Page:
My main research interests surround investigating the role of adaptive genes on the evolutionary and behavioral ecology in vertebrates. This may involve signals of adaptive genes, such as the major histocompatibility complex. I am currently researching chemical ecology, immunogenetics, behavior, and microbial symbionts in songbirds at the BEACON Center for the Study of Evolution in Action at Michigan State University.
Ph.D. (Supervisor: Beth MacDougall-Shackleton)
Sexual selection and competition drive the evolution of ornaments and armaments in a wide-variety of taxa. The good gene hypothesis posits that phenotypic characteristics honestly signal genetic quality of an individual. In most bird species, males are ornamented, and females tend to choose the most ornamented males as mates. However, a recent paradigm-shift in behavioral ecology is to look beyond the good gene hypothesis and into genetic compatibility (e.g. heterozygote advantage) as a means for choosing mates. A candidate locus in which both good gene- and compatible gene-mediated mate choice has been documented is the major histocompatibility complex (MHC). MHC is a highly polymorphic gene that is essential to the vertebrate adaptive immune system. Ideally, carrying more MHC alleles increases the chance of fighting off a wider variety of pathogens (however, evidence shows that carrying an intermediate amount of alleles may be most ideal as too many MHC alleles could cause autoimmune disorders).
In most vertebrates, females are able to distinguish MHC-compatible mates through odor. In mammals and fish, MHC peptide ligands are found in urine, which is detected by a potential mate. Most animals seem to prefer MHC dissimilar mates, which supports the compatible gene theory.
The constant battle between parasites and their hosts in their ecosystem may provide support for a locally good gene effect at MHC. If a particular MHC allele evolved to combat a parasite lineage specific to their environment, then it would be beneficial for an individual to choose a mate that carries that locally good allele. This may explain why some birds prefer local dialects over foreign ones.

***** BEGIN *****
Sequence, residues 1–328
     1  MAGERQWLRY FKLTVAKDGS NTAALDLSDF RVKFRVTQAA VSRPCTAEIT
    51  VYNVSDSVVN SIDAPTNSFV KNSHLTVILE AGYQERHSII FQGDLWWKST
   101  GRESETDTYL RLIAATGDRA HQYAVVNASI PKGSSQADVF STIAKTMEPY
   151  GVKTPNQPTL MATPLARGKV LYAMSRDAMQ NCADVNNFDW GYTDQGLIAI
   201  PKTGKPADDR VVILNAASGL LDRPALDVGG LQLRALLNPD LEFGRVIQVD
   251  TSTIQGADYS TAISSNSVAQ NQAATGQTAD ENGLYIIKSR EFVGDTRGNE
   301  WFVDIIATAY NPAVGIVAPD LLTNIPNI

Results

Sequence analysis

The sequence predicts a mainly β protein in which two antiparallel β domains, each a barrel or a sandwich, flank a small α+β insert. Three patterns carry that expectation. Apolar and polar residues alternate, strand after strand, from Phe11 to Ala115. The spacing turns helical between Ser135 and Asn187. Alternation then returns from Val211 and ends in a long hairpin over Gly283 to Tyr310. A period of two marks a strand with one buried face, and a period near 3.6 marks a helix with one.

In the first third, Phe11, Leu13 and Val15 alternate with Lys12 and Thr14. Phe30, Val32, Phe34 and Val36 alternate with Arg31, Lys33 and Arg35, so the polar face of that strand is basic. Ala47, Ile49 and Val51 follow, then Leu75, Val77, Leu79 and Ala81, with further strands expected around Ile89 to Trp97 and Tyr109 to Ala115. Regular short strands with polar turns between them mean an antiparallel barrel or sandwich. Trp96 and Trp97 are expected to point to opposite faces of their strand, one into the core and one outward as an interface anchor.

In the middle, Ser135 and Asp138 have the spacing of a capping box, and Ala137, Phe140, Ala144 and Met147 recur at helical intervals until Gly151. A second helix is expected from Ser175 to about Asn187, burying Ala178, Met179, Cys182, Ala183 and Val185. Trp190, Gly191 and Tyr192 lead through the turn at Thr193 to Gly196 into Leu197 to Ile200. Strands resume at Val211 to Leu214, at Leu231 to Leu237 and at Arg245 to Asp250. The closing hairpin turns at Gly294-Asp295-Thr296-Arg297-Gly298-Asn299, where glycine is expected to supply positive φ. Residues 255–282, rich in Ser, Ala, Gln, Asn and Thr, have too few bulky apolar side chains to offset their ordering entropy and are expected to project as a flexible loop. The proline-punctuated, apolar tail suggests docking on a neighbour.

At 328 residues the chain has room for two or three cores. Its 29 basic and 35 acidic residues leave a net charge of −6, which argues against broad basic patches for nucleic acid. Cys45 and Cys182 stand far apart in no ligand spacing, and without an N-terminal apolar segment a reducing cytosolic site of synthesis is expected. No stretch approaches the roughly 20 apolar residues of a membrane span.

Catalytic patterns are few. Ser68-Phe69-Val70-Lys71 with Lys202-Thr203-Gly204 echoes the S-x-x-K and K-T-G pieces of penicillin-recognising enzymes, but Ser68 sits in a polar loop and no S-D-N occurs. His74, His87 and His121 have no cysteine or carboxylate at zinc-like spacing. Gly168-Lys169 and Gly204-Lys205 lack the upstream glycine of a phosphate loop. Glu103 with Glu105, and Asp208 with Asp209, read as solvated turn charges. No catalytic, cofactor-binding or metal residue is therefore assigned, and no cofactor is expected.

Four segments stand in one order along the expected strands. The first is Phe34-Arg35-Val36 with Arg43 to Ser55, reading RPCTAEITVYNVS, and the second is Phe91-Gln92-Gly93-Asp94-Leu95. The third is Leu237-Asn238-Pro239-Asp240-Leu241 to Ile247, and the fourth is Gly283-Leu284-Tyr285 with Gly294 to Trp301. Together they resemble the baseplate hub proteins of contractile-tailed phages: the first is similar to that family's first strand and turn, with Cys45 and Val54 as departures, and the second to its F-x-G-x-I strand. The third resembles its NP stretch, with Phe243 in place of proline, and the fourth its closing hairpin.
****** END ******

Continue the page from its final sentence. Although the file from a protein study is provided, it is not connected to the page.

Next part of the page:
My research aims to explain (a) how MHC is communicated in songbirds and (b) if MHC-mediated mate choice exists in my model organism. I am exploring my research using a model songbird, the song sparrow (Melospiza melodia).
MSc (Supervisor: Colleen Barber)
Plumage and song are thought to be honest signals of genetic quality in birds. My study on mate choice in European starlings revealed that brightness and purple coloration of starling throat feathers predicted adult body condition, parental care, realized reproductive success, and a male-biased offspring sex ratio. With that study, I deduced that mate assessment is taking place for both males and females, which is not overly common in avian mating systems.
Ultimately, my interests surround question-based research in evolutionary ecology. Specialization is in sexual selection, however, I am not restricted to this area of research. I would like to do postdoctoral research studying animal evolutionary ecology in a lab that has a project that interests me.
Zelano, B., & Edwards, S.V. 2002. An Mhc component to kin recognition and mate choice in birds: Predictions, progress, and prospects. Am Nat, 160: S225-S237.